There’s strength in numbers. One event. Two exhibitions. Seventeen artists.

SculptureCenter, which strives to present emerging international talent, will hold an opening reception for “Searching the Sky for Rain” and “École du soir” in Long Island City on Sunday, Sept. 15, from 6 p.m. to 8 p.m. Admission is free with a $10 suggested contribution. The curators and some of the contributing artists will be on hand.

Both multi-medium shows will be on display at the same venue until Dec. 16, but they explore very different themes. “Searching the Sky for Rain” delves into who has the right to abstraction, while “École du soir (or The Evening Academy)” investigates how people live together during turbulent times.

Searching the Sky” features 16 diverse artists — Carmen Argote, Tony Cokes, Rafael Domenech, Mandy El-Sayegh, Charles Gaines, ektor garcia, Jacqueline Kiyomi Gordon, Tishan Hsu, Rindon Johnson, Becket MWN, Shahryar Nashat, Michael Queenland, Johanna Unzueta, Jala Wahid, Eric Wesley, and Riet Wijnen — who disregard common art industry classifications and categories. They find their own ways. (Domenech currently has a project on view at Socrates Sculpture Park on the other side of LIC.)

For example, Tony Cokes’s video “Evil.27.Selma” shows how the pre-television civil rights movement prompted a “social collectivity heavily dependent on the imagination” that created “fantasy what-if” scenarios.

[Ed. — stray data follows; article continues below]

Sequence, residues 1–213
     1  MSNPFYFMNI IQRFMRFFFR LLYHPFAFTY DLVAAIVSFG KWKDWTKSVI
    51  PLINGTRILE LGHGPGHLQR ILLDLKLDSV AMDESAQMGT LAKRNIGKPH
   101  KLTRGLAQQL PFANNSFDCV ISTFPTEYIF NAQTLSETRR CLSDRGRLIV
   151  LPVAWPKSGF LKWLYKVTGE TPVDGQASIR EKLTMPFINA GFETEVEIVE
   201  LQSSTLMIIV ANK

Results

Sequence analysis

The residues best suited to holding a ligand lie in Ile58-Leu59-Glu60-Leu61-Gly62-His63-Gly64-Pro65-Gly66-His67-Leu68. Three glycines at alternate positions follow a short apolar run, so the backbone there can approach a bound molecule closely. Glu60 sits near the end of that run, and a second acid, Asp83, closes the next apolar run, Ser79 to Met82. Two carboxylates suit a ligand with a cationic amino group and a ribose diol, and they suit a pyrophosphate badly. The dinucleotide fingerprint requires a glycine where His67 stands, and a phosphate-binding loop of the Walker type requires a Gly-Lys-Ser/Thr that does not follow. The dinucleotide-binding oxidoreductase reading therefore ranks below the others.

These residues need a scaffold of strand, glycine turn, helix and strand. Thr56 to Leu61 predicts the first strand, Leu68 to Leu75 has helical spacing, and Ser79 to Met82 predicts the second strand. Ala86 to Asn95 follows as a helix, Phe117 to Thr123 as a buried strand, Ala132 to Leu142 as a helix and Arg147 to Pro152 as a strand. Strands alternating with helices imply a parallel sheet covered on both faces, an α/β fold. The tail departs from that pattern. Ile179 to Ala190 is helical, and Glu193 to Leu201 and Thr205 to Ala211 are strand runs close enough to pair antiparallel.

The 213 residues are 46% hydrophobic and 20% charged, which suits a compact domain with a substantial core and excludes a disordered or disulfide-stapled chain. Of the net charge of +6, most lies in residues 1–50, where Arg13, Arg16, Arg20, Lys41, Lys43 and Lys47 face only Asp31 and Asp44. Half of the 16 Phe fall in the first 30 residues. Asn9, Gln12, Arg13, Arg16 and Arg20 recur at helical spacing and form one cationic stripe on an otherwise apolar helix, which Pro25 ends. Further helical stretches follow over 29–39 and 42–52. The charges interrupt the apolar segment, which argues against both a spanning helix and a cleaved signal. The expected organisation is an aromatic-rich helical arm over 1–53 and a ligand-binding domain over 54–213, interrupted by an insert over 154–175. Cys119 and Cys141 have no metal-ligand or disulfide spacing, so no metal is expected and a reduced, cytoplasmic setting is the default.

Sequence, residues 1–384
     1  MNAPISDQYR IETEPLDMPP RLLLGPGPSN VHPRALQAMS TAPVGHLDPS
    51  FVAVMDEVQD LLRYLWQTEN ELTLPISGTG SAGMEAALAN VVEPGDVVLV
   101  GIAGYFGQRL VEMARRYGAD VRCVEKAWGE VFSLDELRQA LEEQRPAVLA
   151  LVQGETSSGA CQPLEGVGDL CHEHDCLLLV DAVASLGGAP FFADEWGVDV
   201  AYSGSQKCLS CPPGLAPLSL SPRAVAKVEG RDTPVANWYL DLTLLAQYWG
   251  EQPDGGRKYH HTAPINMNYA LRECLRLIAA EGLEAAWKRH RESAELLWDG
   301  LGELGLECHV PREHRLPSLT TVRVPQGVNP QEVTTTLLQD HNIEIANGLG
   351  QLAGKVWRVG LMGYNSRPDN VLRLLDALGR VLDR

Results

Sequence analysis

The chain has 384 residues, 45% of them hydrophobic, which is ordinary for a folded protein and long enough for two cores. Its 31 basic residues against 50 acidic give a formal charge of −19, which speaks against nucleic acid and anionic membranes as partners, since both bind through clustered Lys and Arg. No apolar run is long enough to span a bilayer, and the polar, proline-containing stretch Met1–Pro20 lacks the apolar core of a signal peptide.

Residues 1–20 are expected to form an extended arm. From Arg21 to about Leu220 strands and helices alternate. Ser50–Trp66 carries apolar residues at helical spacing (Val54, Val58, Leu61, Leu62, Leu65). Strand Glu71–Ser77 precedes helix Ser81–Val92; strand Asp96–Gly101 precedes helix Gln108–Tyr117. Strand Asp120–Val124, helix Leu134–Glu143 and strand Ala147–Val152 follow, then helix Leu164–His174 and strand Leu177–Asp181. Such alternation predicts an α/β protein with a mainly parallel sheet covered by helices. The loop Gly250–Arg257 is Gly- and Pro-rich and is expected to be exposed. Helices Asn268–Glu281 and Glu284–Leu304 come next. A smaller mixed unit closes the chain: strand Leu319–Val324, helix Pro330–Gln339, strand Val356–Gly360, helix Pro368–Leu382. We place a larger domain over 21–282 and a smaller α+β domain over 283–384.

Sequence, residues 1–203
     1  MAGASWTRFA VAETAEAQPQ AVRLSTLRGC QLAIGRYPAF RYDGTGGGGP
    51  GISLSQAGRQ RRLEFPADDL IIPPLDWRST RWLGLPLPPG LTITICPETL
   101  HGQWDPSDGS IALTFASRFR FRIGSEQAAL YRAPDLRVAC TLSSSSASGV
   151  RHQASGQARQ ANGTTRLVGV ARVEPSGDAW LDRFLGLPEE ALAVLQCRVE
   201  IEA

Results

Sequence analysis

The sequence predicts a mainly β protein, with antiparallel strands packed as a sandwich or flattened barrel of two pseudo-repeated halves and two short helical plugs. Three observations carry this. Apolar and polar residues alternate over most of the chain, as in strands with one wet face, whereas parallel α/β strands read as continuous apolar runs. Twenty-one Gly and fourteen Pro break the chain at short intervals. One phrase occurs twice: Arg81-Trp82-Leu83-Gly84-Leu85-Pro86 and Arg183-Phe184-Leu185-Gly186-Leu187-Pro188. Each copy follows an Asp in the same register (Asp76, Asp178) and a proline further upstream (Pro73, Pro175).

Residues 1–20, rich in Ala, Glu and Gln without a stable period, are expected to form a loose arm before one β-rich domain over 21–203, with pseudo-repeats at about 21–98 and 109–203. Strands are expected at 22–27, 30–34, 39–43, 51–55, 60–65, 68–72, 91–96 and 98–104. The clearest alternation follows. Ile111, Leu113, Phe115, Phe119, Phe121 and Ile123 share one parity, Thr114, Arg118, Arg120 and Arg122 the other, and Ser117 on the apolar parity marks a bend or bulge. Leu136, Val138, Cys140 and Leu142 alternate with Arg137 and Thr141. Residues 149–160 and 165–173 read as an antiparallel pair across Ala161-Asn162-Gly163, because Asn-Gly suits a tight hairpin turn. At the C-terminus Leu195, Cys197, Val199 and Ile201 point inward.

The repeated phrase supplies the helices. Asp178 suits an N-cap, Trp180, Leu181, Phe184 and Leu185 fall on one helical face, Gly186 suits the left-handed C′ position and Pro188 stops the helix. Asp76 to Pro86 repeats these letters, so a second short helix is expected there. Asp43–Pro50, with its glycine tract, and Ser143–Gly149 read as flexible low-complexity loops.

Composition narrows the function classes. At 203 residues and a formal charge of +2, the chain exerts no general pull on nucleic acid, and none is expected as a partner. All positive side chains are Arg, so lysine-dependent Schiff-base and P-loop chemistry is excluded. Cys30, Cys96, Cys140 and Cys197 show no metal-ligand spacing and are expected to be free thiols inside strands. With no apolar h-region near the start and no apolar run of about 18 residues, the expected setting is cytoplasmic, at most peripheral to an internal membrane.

Meanwhile, “École” consists entirely of work by Christian Nyampeta, a Rwanda native whose art is deeply influenced by the Hutu-Tutsi genocide that rattled his African homeland in 1994. His display consists of a few “hosting structures” that create a study room to host a translation-and-interpretation working group that focuses on making texts by Rwandan philosopher Isaïe Nzeyimana available in English for the first time. The structures actually hold a repository of translations, a printer, publications, and a dossier. Patrons are welcome to use the resources, attend translation sessions, and simply hang out in the space.

Located in a converted 1908 trolley repair shop at 44-19 Purves St., SculptureCenter is NYC’s only contemporary art museum dedicated primarily to sculpture. It was founded in 1928 as The Clay Club in Brooklyn. Over the following decades, it changed its name once and relocated twice in Manhattan before purchasing the present property in 2001. The venue was first redesigned by Maya Lin, the landscape artist who designed the Vietnam Veterans Memorial in Washington D.C. Then in 2014, another renovation added a bookshop, coatroom, seating area, and restrooms to 6,500 square feet of exhibition spaces on two levels. The revamp also created a 1,500-square-foot, enclosed courtyard for outdoor activity.

Editor’s note: After 20 years at the helm, Mary Ceruti recently left SculptureCenter. Christian Rattemeyer, a Germany native whose resume includes 12 years at the Museum of Modern Art, will become the new director on Nov. 1.

Images: ‘École du soir’ by Damian Griffiths (top); ‘Searching the Sky for Rain’ courtesy of Rindon Johnson and AALA Gallery, Los Angeles (bottom)


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